So with State of Emergency we have a few extra modules but at first glance this seems smaller in scope than previous additions. Is this another must-have remedy for your bursting box or are the cures losing their potency?

Check out the full review here - Games Quest Blog - Pandemic: State of Emergency

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Myyyy. . . Preecioussss! - Lord of the Rings LCG Review

The Collectible Card Game genre is one that every gamer knows. Buy a starter set, then be forced to buy every booster box that comes out in bulk so that you can keep up with power creep, spend all your money, rinse and repeat. That's not to say the games aren't fun to play, but you're involved when you take one of these up.


The Living Card Game was a concept invented by Fantasy Flight Games which has similarities to CCG's. You buy a core set which contains several starter decks rather than just one and then frequent mini-expansion packs are released over time with the occasional deluxe set to supplement the card pool. Except with LCG's the cards in each pack are fixed with all the copies you would ever need so you never need to worry about whether you'll get a super rare or not, everyone is on the same playing field which is in my opinion the best thing about this format.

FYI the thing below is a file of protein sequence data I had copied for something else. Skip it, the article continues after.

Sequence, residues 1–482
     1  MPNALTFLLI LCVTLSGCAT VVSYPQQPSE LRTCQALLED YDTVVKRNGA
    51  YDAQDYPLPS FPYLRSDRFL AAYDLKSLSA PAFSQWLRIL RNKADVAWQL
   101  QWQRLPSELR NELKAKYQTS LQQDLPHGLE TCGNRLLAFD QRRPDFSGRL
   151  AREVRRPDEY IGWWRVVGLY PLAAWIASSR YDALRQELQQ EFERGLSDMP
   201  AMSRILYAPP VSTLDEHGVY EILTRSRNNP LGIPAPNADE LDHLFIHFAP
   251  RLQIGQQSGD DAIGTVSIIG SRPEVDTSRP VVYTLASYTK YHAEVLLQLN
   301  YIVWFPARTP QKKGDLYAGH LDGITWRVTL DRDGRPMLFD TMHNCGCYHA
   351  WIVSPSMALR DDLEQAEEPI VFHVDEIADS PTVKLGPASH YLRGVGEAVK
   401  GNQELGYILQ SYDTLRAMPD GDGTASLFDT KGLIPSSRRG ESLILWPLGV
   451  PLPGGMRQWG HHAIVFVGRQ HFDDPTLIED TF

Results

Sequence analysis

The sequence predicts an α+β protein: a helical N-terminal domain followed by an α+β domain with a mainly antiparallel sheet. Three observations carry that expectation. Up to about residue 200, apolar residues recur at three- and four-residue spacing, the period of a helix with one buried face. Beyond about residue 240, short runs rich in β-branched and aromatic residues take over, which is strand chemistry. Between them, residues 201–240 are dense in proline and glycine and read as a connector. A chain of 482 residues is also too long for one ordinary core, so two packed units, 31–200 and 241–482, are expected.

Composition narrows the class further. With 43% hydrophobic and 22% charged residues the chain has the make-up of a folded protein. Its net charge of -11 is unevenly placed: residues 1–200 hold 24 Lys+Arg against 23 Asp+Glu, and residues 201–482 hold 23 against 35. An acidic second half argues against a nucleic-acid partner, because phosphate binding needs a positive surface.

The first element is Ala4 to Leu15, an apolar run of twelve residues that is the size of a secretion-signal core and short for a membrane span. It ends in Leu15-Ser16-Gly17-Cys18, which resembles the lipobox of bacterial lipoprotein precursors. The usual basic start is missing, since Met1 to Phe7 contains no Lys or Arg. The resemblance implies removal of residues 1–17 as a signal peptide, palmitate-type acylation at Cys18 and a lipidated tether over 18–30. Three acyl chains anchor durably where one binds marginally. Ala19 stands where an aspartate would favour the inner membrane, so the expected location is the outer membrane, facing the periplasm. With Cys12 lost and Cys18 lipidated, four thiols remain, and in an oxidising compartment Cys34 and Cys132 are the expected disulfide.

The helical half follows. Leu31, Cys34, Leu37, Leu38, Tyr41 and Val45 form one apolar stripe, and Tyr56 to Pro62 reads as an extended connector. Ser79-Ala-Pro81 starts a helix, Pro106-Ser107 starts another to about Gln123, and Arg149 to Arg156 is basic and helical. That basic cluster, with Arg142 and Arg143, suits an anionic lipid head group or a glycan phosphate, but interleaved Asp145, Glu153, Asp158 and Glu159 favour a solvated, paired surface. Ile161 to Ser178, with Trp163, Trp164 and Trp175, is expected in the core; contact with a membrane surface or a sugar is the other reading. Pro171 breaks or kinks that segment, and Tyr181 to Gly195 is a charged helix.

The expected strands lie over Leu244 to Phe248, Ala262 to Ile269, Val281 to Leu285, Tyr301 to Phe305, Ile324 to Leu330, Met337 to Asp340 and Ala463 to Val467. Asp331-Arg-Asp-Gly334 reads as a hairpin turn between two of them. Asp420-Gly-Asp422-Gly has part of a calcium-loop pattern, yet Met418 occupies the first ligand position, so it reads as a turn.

Now you would think that this means you can simply buy the packs you need as opposed to getting them all. And you'd be right. . . . . well sort of, you can do that . . . but you won't. Eventually the lure will take you like an uncontrolled drug addiction and you'll still buy all of the expansion packs like I end up doing. Ok, maybe some of you have stronger willpower than I, but if I really enjoy a game, I'll stick with it though being a Chartered Tax Accountant probably helps on that front!


I've already reviewed Android Netrunner, possibly the most popular (and deservedly so) LCG that exists to date and I think very highly of it. But the addiction hasn't ended there. The power of the One Ring has spoken to me and a second LCG has taken hold causing me to succumb to another legacy of expansion packs and ever-growing card pools. . . . myyyyy. . . . . preeeeecious!


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Come On You Apes, You Wanna Live Forever? - Xenoshyft Onslaught Review